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Keep the Beach Clean, Dark and Flat for Sea Turtle Season

Clean, dark and flat- that’s the landscape of the beach, if you want Sea Turtles to make it safely to nest and then back to sea.

Both South Walton Turtle Watch and Friends of South Walton Sea Turtles offer a wealth of knowledge on sea turtle conservation. South Walton Turtle Watch focuses on locating and monitoring sea turtle nests and overseeing volunteers for the protection of the turtles and their hatchlings. They report that there are 119 nests this year which is a record for South Walton. Turtles are still nesting, but already it’s the best year in South Walton in 22 years. As of today, there have been 74 false crawls which occurs when a sea turtle comes up the beach to nest but something disturbs her and she does not nest. Many things can interrupt nesting; lights at a house or flash lights or people disturbing the turtle when she is trying to nest. The Sea Turtle Season is from May to October. They offer training in March to become a volunteer.

Friends of South Walton Sea Turtles see their mission as one which is dedicated to promoting sea turtle conservation through awareness and education. They have placed education materials in the rentals, hotels, restaurants and schools and conduct education programs in the schools and community in South Walton. Their organization does not interact with nests, focusing solely on awareness through printed materials and online information, education programs, and local events. Their ambassadors have been out on the beaches educating tourists on how to keep the beaches clean, dark and flat for sea turtles and other marine mammals.

Just so you know, Florida beaches provide nesting habitat for loggerhead, green, leatherback and Kemp’s ridley sea turtles. The Florida Fish and Wildlife Conservation Commission (FWC), leaders in the sea turtle management, provide a few basic tips to help protect Florida’s threatened and endangered sea turtles and their hatchlings:

  1. Hands Off Hatchlings! Sea turtle hatchlings are digging out of their nests and clambering toward the ocean in September and October, the last months of Florida’s sea turtle nesting season. To report a disoriented or lost hatchling or sea turtle in along Scenic Highway 30A or anywhere in South Walton, call 850-897-5228.
  2. Turn off or adjust lighting along the beach in order to prevent nesting females or hatchlings from getting confused and going toward lights on land, instead of the salt water where they belong. Use turtle-friendly lighting outside homes and other buildings along the beach. Replace incandescent, fluorescent and high-intensity bulbs with FWC-certified low-wattage, long wavelength options available in red or amber colors. Turn off outdoor lights at night when not needed. Shut Curtains and Blinds – Close curtains and draw blinds at night on beachfront windows and doors. The Blue Giraffe in WaterColor sells the red turtle friendly lights and both organizations have the flashlight covers appropriate for turtle season.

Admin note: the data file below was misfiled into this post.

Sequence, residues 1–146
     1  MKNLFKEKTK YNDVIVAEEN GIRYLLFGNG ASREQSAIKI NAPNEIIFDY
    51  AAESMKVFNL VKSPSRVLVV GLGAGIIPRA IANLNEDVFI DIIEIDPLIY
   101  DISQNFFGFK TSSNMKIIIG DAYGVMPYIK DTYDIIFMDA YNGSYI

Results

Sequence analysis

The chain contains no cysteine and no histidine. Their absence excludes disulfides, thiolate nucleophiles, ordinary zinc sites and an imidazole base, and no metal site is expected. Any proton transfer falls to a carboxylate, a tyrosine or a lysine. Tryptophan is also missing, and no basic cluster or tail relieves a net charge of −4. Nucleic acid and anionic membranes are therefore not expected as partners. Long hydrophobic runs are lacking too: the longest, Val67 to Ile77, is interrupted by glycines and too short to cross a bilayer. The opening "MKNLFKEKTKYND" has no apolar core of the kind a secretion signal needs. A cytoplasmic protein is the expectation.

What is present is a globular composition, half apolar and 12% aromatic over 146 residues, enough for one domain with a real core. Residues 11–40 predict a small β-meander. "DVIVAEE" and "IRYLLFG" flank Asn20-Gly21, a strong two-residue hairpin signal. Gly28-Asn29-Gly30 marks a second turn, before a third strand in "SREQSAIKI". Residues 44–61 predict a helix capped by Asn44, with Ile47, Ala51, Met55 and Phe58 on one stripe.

3. Clear the Way at the End of the Day. Nesting mothers and hatchling sea turtles can get trapped, confused or impeded by gear left on the beach at night. Remove items such as boats, beach chairs, umbrellas, buckets and tents at the end of the day, and fill in holes or level piles of sand before nightfall. Also, avoid burying umbrella poles in the sand; use pole-holders or sleeves instead. Properly dispose of any trash, food or other litter in covered trash cans to avoid attracting predators to the nests. All holes must be filled in or they may end up as an impediment to turtles trying to get back to the sea. If a turtle encounters a hole and falls in, that turtle may not be able to right herself and make it to the sea.
  4. Choose Turtle-Friendly Activities. Remember less beach driving means more sea turtles surviving! While driving carts, cars or trucks are allowed on some beaches, vehicles can crush sea turtle nests, killing hatchlings and nesting turtles. Lighting bonfires on the beach is also hazardous to sea turtles. Baby turtles have the hardest time getting away from the nest to the sea, usually because of trash, toys left on the beach or holes dug in the sand.

Even if it weren’t illegal to disturb or harm sea turtles and their nests, eggs and hatchlings, it would be wrong to ignore the very practical and relatively easy ways to be a friend to these creatures. Now, you know what to do!

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